This is most definitely Cooper’s Lodge as it is listed as being owned by The Right Honorable Edward Henry Cooper of Markree Castle, in Co.
In 1901, the game keeper in residence was Robert Walton Winters aged 46, a Presbyterian, born in Sligo who could speak both Irish and English.
He was married to Isabella aged 36, a house keeper born in Sligo and also resident in the lodge was Francis Mc Hugh, aged 18, a Roman Catholic, born in Sligo and who was listed as being a servant.
The owner of the lodge was Lieutenant Colonel, the Right Honorable Edward Henry Cooper who died soon after the census being carried out on the 26th February 1902 aged 74.
He had been Lord Lieutenant for Sligo, was late of the 7th Hussars, Grenadier Guards and had been a Member of Parliament for Sligo from 1865.
Among the many bequests in his will was £2,000 to be kept in trust for the repair and maintenance of the observatory at Markree Castle.
By 1911, the house was now owned by Captain Byran Ricco Cooper, the grandson of Edward Henry Cooper, the house is recorded as having eight out offices, ten windows in its entrance front and ten rooms in its interior.
Byran had inherited the impressive Markree Castle in Co.
Sligo, which according to the 1901 census had 104 rooms, sat in a demesne of a 1,000 acres in addition to a deer park of 200 acres surrounded by estate lands that extended to 30,000 acres.
The more modest shooting lodge near Lough Easky at this time was home to Nathan Campbell, aged 51 from Donegal, a gamekeeper and his wife Anna Selina aged 48 from Cork who have been married for 23 years.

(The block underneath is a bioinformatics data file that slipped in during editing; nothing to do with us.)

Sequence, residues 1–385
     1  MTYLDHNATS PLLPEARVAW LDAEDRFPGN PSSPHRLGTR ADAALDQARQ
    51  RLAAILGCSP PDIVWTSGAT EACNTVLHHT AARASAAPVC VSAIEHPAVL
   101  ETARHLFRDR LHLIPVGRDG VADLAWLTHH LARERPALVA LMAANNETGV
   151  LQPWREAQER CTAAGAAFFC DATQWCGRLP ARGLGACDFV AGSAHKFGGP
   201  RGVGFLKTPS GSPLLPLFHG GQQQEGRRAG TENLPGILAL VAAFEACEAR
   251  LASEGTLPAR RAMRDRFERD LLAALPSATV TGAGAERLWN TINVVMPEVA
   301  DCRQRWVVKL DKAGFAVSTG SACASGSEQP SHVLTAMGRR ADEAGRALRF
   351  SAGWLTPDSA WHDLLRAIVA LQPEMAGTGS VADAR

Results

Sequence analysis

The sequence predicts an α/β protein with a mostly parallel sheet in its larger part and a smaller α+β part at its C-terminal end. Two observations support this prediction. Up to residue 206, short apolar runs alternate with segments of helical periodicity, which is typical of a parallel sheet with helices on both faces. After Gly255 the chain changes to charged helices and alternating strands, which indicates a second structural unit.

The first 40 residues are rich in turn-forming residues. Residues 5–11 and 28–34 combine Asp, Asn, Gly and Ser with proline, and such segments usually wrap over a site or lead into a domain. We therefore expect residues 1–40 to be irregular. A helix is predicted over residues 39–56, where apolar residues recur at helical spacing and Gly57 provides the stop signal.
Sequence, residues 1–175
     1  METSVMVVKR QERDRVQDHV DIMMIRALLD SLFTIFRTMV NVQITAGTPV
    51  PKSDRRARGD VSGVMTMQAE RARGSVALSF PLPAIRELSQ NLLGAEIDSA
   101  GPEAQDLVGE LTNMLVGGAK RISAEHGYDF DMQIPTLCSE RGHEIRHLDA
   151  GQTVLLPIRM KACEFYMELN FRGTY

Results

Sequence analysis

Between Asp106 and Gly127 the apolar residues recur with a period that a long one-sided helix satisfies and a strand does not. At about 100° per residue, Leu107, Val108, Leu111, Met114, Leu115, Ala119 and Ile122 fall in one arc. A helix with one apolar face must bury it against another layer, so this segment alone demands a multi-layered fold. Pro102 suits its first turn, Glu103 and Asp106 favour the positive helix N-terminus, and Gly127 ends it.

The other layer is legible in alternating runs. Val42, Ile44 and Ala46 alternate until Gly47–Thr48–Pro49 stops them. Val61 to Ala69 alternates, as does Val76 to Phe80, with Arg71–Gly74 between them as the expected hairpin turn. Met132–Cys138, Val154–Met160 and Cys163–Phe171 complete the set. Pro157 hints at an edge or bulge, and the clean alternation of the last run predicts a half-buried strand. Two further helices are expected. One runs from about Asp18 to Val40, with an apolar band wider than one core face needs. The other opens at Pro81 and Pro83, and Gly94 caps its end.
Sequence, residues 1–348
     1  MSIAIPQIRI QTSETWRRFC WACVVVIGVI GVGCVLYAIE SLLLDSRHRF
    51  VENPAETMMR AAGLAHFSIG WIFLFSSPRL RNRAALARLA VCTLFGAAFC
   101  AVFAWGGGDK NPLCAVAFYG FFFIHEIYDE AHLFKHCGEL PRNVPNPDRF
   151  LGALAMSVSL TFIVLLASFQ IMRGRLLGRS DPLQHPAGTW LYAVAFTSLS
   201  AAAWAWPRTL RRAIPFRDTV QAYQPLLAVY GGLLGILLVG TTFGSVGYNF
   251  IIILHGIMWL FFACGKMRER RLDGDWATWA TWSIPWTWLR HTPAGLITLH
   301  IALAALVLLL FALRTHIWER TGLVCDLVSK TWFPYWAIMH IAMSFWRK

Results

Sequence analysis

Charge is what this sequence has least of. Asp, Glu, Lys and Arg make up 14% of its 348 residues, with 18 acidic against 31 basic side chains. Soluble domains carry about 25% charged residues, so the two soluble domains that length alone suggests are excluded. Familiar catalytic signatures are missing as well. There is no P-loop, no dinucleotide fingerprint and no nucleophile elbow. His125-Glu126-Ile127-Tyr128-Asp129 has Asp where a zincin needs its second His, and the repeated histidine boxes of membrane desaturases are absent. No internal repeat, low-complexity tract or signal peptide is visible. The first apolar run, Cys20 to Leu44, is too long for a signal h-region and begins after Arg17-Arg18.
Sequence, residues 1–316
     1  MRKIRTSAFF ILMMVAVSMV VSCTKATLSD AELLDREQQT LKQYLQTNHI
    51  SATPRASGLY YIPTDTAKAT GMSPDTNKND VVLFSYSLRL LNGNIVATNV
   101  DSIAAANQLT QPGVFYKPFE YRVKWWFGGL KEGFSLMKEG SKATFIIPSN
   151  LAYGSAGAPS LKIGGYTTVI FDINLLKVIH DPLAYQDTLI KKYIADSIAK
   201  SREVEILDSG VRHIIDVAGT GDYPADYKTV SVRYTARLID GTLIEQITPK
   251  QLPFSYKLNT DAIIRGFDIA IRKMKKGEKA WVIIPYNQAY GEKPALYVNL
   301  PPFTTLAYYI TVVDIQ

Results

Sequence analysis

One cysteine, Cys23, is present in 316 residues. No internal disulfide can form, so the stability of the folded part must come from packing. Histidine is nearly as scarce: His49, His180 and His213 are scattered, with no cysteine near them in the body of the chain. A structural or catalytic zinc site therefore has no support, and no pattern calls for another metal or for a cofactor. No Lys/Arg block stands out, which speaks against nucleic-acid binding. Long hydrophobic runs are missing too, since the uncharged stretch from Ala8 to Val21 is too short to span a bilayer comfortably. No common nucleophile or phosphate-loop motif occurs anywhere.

They had six children but only five are living in 1911.
Four sons are present in the house at the time of the census, Robert Cecil aged 17, Richard Maxwell aged 17, Frederick James aged 15 and Nathan Percival aged 8.
The two elder sons were born in Mayo while the younger pair were born in Sligo.
The name of the house being Croagh Lodge is confirmed from an advertisement that appeared in 1907, when Nathan Campbell was selling his pony, harness and trap and it mentioned that these can be viewed at ‘Croagh Lodge’ Major Bryan Ricco Cooper died at his residence in 1930 in Dalkey, Co.
Dublin, the exotically named Khyber Pass.
He was born in India in 1884, the son of Major F.E.
Cooper and the grandson of Col.
Edward Henry Cooper.
He was educated at Eton and Woolwich, he became Second Lieutenant in the Royal Field Artillery in 1903.
In 1905, he resigned and was gazetted to the Duke of Connaught’s own Sligo Militia as Captain.
In 1914, he resigned and was gazetted as Captain to the 5th Battalion of the Connaught Rangers.
In 1910 he was elected as a Unionist M.P.
For South County Dublin, he was a Deputy Lieutenant and High Sheriff for Sligo while also becoming Press Censor in 1919.
In 1923, he was returned to the Dail as an Independent candidate for Dublin and again in 1927.
A marriage in 1910 produced four children but ended in divorce in 1920.
Bryan died at the young age of 46 in 1930 and after bequests were made, the residue of his estate passed to his son, Edward F.
In December 1938, a young girl, named Maggie Ann Mullarky, recorded a story told to her by her grandfather about the lodge being haunted.
What is interesting about this story is that it mentions that the lodge is in ruins at this time.
Newspaper reports from the 1930’s may provide a reason why the idea of the house being haunted was promoted.
At various times, people were arrested for keeping poteen stills near the house which was then referred to as ‘Byran Cooper’s famous shooting lodge’.
Tales of a ghost would have kept curious onlookers away from the house and left those distilling there undisturbed.
In 1939 another individual was arrested for unlawful distilling and he was found ‘near an old shooting lodge on the mountain’.
Markree Castle has recently passed out of the ownership of the Cooper family and their former shooting lodge outside Dromore West will soon cease to exist.
The few weather beaten walls still standing, bear little testament to the local civil unrest nearly 140 years ago that resulted in the death of William Nichol.